Now I am back into the swing of things with a two- day botanical art workshop. The title was based on pictures I took at this time last year; spring bulbs! Bad mistake. Most spring bulbs are finished now.
I trawled through the local garden centre and found some worn out tulips, fading well in their pots, and some Fritillary. I therefore bought the latter, and some Osteospermum. One student found some Lily of the Valley and another brought some more Fritillary from the garden. Challenges galore.
I think that the greatest challenge was the pattern on the Fritillary and this was tried both in watercolour and coloured pencil. Thank goodness for a little knowledge about Fibonacci. It certainly helps in knowing about the spiral when planning the pattern.
For those who might not know, Fibonacci was an Italian mathematician and he worked out the mathematical process behind the spiral which we basically find in nature and in good design. For example, the spiral of segments in a pineapple and it’s leaves, a pine cone, the centre of a sunflower – and of course the pattern on a Fritillary petal.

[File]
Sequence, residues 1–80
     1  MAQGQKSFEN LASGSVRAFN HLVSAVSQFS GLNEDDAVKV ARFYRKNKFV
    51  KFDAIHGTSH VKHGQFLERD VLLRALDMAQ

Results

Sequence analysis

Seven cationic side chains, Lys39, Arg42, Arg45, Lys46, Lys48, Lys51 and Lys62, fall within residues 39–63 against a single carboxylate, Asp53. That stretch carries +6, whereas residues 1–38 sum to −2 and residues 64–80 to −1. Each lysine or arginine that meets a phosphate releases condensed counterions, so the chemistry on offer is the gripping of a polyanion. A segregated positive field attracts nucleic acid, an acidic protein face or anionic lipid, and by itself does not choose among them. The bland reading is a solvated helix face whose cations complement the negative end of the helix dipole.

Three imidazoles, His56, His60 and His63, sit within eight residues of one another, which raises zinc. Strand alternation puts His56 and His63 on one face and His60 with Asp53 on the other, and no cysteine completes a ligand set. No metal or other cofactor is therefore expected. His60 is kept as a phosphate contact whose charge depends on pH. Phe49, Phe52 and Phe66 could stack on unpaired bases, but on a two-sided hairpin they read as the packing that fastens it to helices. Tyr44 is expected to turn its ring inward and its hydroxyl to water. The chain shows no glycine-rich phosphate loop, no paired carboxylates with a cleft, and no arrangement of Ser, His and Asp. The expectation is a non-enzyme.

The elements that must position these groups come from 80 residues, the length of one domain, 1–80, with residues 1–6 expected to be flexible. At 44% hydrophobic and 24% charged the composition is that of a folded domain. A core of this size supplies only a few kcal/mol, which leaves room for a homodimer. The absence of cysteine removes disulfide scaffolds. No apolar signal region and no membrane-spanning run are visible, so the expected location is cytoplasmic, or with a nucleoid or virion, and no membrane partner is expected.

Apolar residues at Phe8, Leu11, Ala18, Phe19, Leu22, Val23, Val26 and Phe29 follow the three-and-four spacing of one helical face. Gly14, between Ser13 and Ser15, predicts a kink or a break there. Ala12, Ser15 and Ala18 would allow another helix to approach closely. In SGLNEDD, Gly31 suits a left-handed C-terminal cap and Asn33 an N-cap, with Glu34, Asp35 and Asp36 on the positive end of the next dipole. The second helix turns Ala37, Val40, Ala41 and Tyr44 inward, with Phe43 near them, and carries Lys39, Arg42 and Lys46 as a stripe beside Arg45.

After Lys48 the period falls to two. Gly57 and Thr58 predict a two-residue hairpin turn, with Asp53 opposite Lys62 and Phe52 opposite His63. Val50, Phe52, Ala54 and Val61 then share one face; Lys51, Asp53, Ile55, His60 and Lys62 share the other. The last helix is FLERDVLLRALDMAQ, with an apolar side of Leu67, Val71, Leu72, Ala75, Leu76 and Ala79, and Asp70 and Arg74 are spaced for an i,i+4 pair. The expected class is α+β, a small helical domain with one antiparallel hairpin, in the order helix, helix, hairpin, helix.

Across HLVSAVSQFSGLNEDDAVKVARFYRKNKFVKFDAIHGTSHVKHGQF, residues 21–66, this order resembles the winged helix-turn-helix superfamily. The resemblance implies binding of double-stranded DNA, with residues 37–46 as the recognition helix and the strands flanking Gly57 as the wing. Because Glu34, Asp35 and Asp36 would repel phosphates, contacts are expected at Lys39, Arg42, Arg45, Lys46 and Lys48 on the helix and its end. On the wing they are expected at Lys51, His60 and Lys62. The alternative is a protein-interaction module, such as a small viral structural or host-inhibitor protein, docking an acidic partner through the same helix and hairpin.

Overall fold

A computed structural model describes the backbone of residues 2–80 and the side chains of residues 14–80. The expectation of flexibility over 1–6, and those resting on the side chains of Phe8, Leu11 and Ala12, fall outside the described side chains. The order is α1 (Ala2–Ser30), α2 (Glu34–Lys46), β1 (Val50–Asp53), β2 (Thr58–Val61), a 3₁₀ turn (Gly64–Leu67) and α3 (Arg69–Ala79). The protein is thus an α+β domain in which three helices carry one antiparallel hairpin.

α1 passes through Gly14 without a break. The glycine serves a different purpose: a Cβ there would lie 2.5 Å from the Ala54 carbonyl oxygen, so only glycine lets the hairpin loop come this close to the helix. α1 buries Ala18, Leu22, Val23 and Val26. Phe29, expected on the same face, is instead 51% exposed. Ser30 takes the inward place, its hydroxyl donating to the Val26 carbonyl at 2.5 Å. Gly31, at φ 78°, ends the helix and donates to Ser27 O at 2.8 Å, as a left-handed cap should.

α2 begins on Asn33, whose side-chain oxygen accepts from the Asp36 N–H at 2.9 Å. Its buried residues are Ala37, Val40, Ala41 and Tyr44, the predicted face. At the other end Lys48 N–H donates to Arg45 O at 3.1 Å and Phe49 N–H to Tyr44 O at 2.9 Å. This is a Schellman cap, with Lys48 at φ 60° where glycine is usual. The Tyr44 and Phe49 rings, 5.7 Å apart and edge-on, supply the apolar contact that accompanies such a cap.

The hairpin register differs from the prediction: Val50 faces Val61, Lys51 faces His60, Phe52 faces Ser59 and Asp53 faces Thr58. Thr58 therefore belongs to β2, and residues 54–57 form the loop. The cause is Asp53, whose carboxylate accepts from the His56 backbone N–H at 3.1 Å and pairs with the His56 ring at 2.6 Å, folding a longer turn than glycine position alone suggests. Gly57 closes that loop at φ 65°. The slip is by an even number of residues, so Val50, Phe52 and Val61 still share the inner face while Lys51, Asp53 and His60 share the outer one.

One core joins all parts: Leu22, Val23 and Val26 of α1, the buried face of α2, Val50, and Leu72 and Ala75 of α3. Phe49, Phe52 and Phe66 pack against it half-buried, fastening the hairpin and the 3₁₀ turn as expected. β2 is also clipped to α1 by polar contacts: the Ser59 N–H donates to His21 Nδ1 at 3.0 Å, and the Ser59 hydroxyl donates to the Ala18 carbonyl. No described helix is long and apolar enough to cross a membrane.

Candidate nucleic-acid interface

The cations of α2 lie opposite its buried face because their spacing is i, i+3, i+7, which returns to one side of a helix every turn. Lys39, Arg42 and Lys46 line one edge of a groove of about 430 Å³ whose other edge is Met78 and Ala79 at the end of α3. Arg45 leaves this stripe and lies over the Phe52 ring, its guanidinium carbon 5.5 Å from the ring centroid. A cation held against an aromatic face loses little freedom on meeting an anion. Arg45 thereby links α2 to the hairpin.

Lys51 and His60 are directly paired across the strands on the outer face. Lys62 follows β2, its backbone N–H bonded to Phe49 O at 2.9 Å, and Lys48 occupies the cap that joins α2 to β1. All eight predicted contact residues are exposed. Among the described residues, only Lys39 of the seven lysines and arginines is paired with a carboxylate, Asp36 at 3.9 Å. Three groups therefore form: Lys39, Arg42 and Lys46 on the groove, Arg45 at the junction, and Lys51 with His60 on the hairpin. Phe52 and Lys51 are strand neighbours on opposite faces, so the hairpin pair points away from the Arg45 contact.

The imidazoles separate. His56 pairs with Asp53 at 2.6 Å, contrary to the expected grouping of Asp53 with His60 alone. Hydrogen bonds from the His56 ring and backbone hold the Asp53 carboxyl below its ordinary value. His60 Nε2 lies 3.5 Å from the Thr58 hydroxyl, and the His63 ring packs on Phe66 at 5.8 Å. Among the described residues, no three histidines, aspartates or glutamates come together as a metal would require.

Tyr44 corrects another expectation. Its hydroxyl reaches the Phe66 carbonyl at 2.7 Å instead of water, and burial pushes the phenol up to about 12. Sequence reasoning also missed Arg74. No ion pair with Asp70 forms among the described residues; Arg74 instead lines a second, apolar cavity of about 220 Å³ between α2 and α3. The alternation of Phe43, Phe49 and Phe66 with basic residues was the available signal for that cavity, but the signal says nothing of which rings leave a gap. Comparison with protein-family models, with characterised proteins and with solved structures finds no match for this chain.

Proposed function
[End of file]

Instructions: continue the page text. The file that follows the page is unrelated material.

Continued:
Hopefully I will be back with some pictures from the workshop tomorrow. Things look promising, but I have students who have not painted since they were at school, and those who are very experienced. Believe it or not, it is those with experience who feel most challenged as it is generally very specific problems that they want to overcome.
I think it fitting that I show you Diane Sutherland’s exhibit for the RHS. She painted these Fritillary on vellum. In fact, the largest piece of vellum in this series is from Rory McEwen’s vellum left to the Hunt Institute of Botanical Art in Pittsburgh.